Onions [prose poem]

    Research output: Textual Creative WorksOther contribution


    We took hundreds of photos but the house would not belong. Lazily it fell across the hillside like a lounging dog and would not acknowledge us. Nights of sleepless talk, days of struggling on stony roads and pebbly ground. But we bought small, sweet onions, making a pie. Dark-crusted in the dish it was a key to the house, expanding its rooms. We learned the lie of a concave sofa, stopped quizzing the cold; our bones began to warm. Hilly ground held trails we gradually recognised. Autumn fell on the place; we felt the season between toes. You said it was a miracle—onions, baking, washing, digging, walking the rounds. Feet on earth, words like bladed tools. You picked up a head of purplish broccoli. And this, you said, beauty that sits in the hand.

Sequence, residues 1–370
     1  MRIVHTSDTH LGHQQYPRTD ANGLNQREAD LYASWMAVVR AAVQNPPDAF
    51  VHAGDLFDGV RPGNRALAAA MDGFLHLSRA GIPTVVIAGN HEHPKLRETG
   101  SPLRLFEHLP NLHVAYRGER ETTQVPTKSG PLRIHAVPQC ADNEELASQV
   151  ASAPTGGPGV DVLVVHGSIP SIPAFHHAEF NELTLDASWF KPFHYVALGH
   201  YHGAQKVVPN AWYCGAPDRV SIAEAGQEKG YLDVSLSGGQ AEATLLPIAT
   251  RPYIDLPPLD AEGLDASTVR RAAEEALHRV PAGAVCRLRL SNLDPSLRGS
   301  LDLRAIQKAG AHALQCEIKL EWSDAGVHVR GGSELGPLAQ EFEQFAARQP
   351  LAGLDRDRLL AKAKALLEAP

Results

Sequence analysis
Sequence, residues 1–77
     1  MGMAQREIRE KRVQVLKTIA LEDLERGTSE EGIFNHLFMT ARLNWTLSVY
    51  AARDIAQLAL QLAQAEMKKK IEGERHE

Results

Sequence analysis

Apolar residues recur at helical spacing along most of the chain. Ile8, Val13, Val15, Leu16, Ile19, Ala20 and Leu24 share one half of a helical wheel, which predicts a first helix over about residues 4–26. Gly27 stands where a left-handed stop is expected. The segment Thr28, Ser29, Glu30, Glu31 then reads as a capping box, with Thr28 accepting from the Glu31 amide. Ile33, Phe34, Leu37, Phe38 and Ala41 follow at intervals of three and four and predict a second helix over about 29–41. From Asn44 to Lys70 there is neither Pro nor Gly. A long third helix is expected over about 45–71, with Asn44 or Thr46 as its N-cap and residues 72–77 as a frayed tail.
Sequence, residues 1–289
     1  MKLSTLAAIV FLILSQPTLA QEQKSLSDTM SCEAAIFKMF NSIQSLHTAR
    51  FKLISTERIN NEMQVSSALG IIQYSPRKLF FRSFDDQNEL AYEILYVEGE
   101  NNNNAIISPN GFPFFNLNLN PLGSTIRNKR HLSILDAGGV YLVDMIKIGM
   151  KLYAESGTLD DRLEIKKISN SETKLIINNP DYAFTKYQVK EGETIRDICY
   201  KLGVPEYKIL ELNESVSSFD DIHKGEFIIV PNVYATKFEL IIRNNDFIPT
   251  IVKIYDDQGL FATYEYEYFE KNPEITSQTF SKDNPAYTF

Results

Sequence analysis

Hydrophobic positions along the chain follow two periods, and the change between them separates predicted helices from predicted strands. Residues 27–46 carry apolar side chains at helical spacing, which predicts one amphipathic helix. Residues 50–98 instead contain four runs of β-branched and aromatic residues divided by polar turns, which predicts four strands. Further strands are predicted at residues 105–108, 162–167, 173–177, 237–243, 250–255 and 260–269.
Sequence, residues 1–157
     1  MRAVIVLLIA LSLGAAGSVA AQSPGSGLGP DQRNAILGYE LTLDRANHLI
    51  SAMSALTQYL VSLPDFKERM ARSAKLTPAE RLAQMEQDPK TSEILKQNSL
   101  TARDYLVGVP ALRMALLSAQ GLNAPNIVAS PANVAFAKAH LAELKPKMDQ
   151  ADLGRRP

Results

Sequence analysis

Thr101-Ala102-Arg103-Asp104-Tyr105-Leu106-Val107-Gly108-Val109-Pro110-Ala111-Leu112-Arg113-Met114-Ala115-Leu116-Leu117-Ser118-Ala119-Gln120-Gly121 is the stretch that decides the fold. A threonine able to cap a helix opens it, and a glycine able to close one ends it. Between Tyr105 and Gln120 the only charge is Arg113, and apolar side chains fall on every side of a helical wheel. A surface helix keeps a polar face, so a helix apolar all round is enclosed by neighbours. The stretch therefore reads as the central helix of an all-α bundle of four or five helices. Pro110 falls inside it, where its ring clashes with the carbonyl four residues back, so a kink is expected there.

Original languageEnglish
    TypeProse poem
    Media of outputPrint journal
    PublisherThe Kenyon Review
    Number of pages1
    Place of PublicationUnited States
    Publication statusPublished - 2017

    Publication series

    NameThe Kenyon Review (US)
    ISSN (Print)0163-075X


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